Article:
So, once you had the general idea, you wrote it, and the muse was dictating it to you. But did you do any planning ahead of time? And do you normally do some sort of planning or outlining?
These are questions, by the way, and you know, I’ll do my best for you—as I grow older, I do more planning. Artifact Space defied that. Nothing needed to be planned because, like I say, it was in my head and I had the whole thing beginning to end. But since I wrote the Red Knight series, the Traitor Son series, I now write much more extensive outlines and much more detailed character summaries and arcs. And that’s actually an artifact in part of the industry, which, you know, agents and editors now require those things, which always struck me as slightly amusing because I’d always go like, “But I’ve produced twenty-six novels already. Can’t we just believe I can produce a twenty-seventh?” But that being said, as I get older, I just can’t necessarily keep it all in my head and that that is a fact of life. So, it’s much better to write it all down. And so, now I have pages of character. I can tell you that when I was writing the Traitor Son series, all I had was a list of character names so that I didn’t forget them. And in the middle of the series, I learned that I needed to put a plus sign next to people I’d killed off because Phillip Dubos (sp?), a jousting character in the Red Knight series, I killed three times, which was, you know, kind of an error. And yeah. So, I’ve been developing that way.
Outlines I always find very interesting. And I’m fascinated to talk to other authors about this because I have always written some form of outline and then I almost never stayed with them because things happen organically and I just roll with whatever comes to me. And I’ll give you an example from today. I’m writing a fantasy novel right now and today . . . so, I ended yesterday with a pretty big and characterful fight scene, magical fight scene, not a sword fight. And that was good. And what I was supposed to write today was the consequent political follow-on from this duel. And instead, for no reason that I could name, I discovered that I was writing my character, who was badly wounded in the fight, basically lying on a featureless gray plain and discovering that to some extent he was dead and considering his whole life and wondering if he had ever done anything worthy and if he was about to be judged. And it turned out that was all just an artifact of the healing, the magical healing process. And I did not sit down to write that scene, not even sure where exactly that scene came from. But when I looked it over just before you and I started this call, I thought, “Oh, this is really good and far better than the banal political crap I was going to write. So, we’ll just roll with it.”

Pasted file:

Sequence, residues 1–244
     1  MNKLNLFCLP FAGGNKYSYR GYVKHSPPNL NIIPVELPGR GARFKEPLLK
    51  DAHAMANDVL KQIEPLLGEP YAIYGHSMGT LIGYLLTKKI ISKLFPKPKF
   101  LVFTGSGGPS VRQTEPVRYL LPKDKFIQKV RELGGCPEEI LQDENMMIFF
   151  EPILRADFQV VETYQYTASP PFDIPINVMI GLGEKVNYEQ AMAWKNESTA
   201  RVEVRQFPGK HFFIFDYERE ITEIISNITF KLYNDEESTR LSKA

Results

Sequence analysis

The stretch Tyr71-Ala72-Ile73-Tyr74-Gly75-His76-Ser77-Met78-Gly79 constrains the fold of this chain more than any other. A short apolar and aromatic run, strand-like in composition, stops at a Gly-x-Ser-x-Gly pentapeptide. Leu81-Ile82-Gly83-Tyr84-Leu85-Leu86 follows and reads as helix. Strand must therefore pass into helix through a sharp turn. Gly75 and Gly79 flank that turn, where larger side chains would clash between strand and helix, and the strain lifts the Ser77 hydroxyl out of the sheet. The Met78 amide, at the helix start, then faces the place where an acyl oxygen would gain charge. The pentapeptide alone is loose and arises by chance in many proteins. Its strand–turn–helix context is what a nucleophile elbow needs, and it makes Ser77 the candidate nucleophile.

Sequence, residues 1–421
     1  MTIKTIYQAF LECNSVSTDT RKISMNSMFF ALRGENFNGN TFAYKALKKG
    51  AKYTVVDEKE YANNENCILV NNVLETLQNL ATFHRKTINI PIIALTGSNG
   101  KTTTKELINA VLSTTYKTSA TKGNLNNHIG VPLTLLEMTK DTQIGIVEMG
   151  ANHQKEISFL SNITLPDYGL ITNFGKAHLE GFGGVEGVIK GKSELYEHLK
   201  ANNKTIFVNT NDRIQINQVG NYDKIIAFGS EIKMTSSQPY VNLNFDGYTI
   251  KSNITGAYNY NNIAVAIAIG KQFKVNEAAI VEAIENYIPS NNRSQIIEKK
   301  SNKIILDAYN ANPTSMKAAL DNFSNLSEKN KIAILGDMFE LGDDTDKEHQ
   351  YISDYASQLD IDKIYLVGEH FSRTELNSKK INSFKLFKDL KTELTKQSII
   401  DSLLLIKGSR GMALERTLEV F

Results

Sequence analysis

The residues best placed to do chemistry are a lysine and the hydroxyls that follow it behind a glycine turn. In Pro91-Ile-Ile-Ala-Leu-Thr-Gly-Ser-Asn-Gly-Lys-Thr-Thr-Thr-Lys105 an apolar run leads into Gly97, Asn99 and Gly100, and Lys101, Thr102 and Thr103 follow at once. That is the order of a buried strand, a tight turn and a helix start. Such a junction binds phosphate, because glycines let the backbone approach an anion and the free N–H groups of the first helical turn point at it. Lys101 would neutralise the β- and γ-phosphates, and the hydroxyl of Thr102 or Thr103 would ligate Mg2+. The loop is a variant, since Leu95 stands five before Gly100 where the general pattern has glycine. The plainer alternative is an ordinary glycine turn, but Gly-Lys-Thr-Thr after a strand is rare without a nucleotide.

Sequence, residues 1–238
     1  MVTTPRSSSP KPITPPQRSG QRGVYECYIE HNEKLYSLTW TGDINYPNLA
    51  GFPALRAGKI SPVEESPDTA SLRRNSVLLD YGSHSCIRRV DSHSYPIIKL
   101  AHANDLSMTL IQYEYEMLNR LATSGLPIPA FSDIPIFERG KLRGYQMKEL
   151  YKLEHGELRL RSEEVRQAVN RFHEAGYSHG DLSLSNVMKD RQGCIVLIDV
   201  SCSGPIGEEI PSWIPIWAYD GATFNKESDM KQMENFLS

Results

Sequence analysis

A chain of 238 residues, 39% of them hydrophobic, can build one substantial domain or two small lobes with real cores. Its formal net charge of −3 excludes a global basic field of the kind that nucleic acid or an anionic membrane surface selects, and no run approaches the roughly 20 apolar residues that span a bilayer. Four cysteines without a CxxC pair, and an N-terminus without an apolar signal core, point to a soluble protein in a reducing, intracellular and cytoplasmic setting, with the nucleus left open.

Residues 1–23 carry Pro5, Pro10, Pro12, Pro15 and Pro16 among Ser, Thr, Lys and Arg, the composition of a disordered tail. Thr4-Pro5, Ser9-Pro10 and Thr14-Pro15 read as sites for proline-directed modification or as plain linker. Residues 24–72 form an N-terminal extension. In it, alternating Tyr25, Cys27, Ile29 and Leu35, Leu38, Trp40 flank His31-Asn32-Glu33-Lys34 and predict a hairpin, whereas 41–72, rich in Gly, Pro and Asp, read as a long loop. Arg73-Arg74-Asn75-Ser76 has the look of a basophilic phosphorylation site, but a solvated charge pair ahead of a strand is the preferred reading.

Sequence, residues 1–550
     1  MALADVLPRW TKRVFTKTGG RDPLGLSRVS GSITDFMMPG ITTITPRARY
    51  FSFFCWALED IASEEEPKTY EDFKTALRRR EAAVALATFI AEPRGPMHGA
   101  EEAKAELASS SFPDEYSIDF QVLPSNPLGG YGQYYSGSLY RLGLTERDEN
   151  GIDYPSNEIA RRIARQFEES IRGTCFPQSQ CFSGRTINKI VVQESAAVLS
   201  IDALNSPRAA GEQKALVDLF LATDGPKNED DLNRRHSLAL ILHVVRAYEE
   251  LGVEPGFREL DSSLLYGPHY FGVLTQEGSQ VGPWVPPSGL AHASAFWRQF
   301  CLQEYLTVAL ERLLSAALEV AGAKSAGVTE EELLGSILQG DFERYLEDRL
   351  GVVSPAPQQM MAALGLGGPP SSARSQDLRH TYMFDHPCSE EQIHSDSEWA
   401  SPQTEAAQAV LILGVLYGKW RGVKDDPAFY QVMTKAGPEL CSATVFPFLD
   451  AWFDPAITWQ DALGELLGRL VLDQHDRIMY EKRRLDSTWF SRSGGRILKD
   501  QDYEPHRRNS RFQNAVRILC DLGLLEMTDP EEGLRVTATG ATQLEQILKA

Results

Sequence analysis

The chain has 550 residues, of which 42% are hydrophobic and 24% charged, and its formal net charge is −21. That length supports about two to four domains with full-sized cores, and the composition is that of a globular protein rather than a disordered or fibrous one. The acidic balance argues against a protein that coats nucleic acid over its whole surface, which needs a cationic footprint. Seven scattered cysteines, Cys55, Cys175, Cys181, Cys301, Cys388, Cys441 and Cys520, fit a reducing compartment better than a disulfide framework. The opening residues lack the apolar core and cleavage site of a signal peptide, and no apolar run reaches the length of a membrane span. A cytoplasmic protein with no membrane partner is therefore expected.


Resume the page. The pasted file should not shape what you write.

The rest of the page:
Yeah, it’s certainly my experience. I mean, I’m typically, with my publisher, I’m writing maybe a seven or eight single spaced page kind of synopsis at the most. Yeah. And then I start writing, but the one I’m writing now, The Tangled Stars it’s called, it’s a space opera as well. Humorous Space Opera I. It’s just not going where the synopsis said it was going. Not exactly. I keep surprising myself with it.
So does that worry you?
It worries me a bit in that this is not one of those books that the muse is dictating to me. I seem to be struggling with that. And I think partly that’s just the change in circumstances and not . . .I tend to write out of my house in a coffee shop or something, and I haven’t been able to do that. And I find I don’t work as well at home, which is odd, but . . .
You and me both, Ed. I’ve just discovered that we are brothers separated at birth. I have a coffee shop I adore. I have written . . .I couldn’t count the books I’ve written there. Eleven? And, you know, because of Covid I’m writing at a dining room table with, until a week ago, my daughter doing her high school homework. My partner has my office on the third floor because she’s working at home. So, she’s going by in both directions. And I don’t mind people, you know, I write in a coffee shop, but somehow, it’s deeply different.
Yeah, that’s exactly been my experience. And so, I’m kind of struggling with it. But yeah, for me, it changes. From what I . . . you know, you have this . . . it all seems so clear in your head when you first think of the book, and you know what’s going to happen. But then as you write it, characters change and things develop and stuff you didn’t even know was going to happen happened. And it influences what’s going to happen further down the road. And so, one of the interesting things on the podcast is asking people that question, and everybody is so different in how it works for them. And I always go back to Peter V. Brett, who wrote The Demon Cycle.
Yeah, yeah. I know him.
I interviewed him, and he writes 150-page outlines before he writes anything of the book itself. And then he’s just basically filling in the outline. So, he’s put all that that work into the outline and then is able to just expand on it without wandering from it. And then there’s other people who just start writing and see what happens.